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Report names ASU a factor in rapid expansion of Phoenix's tech market

Phoenix is one of the fastest growing tech hubs in the United States

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An Ira A. Fulton Schools of Engineering building is pictured on Wednesday, Aug. 3, 2005, at the Brickyard in Tempe.

Phoenix is one of the most rapidly expanding tech markets in the U.S., and part of that expansion is credited to ASU, according to a new report published by the Greater Phoenix Economic Council and CBRE

The report, titled “The Greater Phoenix Tech Story,” said that metro Phoenix now has roughly 500 software companies and an estimated 85,060 high tech jobs as of 2018, which is a 12.3% increase over five years.

The report cites ASU’s presence as one of the several factors that contributed to making Phoenix a growing tech hub. 

The report said, “Tech companies can leverage the large and talented workforce fueled by Arizona State University, the largest engineering school in the nation, where 24,000 engineering students are enrolled.”

Kristen Stephenson, vice president of research and analytics for the Greater Phoenix Economic Council and one of the authors of the report, said that ASU does a good job training its engineering students to be ready for tech jobs.

"The skills training ASU provides, especially in engineering, is critical to these companies, because in order for a company to grow and find success in an area they need to attract a talented workforce," Stephenson said.

Francine Hardaway, co-founder and partner at Stealthmode Partners and a coach for hundreds of early-stage startups in Phoenix for over 20 years, said that having talented young people in an area is very important for the growth of companies.

"Young people start startups and work at startups," Hardaway said. "They have the risk taking, optimism, spirit and creativity that startups need to be successful."

The report also cited ASU’s fifth consecutive No. 1 ranking as the most innovative school in the country by U.S. News and World Report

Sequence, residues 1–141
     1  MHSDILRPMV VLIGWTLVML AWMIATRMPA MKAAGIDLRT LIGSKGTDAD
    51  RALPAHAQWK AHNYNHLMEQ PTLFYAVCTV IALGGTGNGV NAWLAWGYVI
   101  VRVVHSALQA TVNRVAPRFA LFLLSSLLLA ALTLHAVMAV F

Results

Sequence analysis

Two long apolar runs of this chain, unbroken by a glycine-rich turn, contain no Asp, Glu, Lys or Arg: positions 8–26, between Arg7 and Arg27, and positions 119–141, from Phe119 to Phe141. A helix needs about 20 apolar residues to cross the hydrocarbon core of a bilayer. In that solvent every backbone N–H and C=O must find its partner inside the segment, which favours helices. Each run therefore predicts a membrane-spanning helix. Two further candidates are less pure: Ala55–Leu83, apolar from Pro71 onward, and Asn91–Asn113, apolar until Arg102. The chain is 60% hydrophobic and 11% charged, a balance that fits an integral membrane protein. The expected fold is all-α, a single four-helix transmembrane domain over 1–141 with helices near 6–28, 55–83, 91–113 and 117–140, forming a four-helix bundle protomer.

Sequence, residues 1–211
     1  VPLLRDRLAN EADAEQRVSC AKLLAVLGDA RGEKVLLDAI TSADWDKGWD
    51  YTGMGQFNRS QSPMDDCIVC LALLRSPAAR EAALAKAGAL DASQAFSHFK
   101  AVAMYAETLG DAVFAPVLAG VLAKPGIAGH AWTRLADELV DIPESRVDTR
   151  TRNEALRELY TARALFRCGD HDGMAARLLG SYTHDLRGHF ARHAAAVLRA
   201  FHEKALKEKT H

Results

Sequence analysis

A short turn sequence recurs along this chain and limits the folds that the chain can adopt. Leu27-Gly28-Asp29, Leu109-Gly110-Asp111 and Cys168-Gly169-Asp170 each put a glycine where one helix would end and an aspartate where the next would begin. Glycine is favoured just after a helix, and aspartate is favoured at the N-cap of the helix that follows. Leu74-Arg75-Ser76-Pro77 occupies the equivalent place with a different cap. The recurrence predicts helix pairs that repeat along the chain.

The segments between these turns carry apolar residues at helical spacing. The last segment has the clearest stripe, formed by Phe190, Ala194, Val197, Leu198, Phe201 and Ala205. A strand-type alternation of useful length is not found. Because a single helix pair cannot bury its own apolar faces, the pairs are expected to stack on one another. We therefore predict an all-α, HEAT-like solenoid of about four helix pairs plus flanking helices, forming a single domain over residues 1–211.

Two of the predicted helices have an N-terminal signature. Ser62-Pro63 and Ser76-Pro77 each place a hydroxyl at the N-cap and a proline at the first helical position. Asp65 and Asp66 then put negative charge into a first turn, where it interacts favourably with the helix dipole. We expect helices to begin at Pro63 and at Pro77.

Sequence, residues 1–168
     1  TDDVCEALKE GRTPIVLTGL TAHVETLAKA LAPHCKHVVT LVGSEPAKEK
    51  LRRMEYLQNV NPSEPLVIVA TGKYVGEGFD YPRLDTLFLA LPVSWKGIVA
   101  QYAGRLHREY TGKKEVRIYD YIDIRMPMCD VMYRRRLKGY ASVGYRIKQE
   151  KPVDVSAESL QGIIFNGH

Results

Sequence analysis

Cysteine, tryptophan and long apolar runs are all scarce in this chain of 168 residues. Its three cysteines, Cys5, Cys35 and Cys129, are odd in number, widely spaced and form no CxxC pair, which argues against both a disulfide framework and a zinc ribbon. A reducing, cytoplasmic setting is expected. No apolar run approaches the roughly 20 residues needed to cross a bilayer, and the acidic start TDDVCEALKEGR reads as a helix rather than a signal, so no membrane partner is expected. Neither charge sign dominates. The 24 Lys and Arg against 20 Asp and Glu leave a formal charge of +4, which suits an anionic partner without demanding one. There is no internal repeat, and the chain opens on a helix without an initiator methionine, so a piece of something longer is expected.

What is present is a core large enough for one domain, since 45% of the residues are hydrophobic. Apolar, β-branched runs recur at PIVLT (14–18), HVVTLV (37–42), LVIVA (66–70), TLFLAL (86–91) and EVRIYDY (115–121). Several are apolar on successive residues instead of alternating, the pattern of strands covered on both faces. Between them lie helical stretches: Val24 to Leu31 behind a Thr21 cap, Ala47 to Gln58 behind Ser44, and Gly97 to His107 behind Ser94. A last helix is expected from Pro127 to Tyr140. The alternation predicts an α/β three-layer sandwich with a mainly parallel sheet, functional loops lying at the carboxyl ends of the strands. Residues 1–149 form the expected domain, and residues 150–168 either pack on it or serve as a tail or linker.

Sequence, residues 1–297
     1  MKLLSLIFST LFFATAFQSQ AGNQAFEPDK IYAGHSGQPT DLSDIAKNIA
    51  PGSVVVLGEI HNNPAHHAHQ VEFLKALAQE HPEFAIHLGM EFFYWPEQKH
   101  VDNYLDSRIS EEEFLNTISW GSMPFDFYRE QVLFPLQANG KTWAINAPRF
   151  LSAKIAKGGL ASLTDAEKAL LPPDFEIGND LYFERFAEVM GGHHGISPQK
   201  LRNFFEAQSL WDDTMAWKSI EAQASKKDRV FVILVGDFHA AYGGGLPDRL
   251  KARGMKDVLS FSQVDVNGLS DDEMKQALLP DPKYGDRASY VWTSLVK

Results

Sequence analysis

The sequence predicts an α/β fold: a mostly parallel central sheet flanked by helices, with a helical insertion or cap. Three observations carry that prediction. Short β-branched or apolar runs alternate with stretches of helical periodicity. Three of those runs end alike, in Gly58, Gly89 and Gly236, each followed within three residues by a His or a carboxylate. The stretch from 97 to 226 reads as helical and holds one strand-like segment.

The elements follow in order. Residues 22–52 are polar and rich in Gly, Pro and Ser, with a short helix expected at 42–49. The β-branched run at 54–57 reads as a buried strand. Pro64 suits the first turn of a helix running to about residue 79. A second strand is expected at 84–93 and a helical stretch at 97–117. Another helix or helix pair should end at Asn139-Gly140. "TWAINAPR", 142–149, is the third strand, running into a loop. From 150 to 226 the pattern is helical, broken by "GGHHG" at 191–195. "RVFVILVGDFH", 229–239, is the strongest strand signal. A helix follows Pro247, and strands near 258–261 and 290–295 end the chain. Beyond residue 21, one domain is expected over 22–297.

Stephenson said the ranking is important because ASU's record of innovation and creative programs is a driving force for a lot of companies that move into the area.

"Innovation is very important for tech companies, and when we are attracting new companies to the area, it's important to them that the workforce in the area has a matching culture of innovation," Stephenson said.

James Collofello, vice dean of academic and student affairs at the Ira A. Fulton Schools of Engineering, said that they try to produce a lot of students with an "entrepreneurial mindset."

"Our goal is to promote innovation as much as possible both in our classes and in our different programs," Collofello said. "We think that puts our students in a good position to not only start companies but also be an 'intrapreneur' working for startups."

In addition to ASU producing a lot of talent in the area, Hardaway believes the growth of the ASU community and campuses have played a large role in Phoenix's recent tech boom.

She said that when ASU moved some of its programs and students to downtown Phoenix, it helped grow the area into an ecosystem full of shops, stores and bars that young workers wanted to be a part of.

"If Phoenix was like it was 10 years ago, it wouldn't matter how much young talent graduated from ASU, because they would all move to Silicon Valley," Hardaway said. "But ASU's expansion has helped make Phoenix a lively place where young people actually want to live and work."

Stephenson agreed that Phoenix is doing a better job retaining graduates from ASU than ever before, saying that "more students actually want to stay here."

Stephenson said that is important because Phoenix needs to keep building on its momentum in order to catch up to the next tier of cities like Austin and Denver.

"We just need to continue doing what we're doing, and ASU is going to keep playing such a critical role in that," Stephenson said.

"The Brickyard" by Ken Sweat is licensed under CC BY-SA 4.0.

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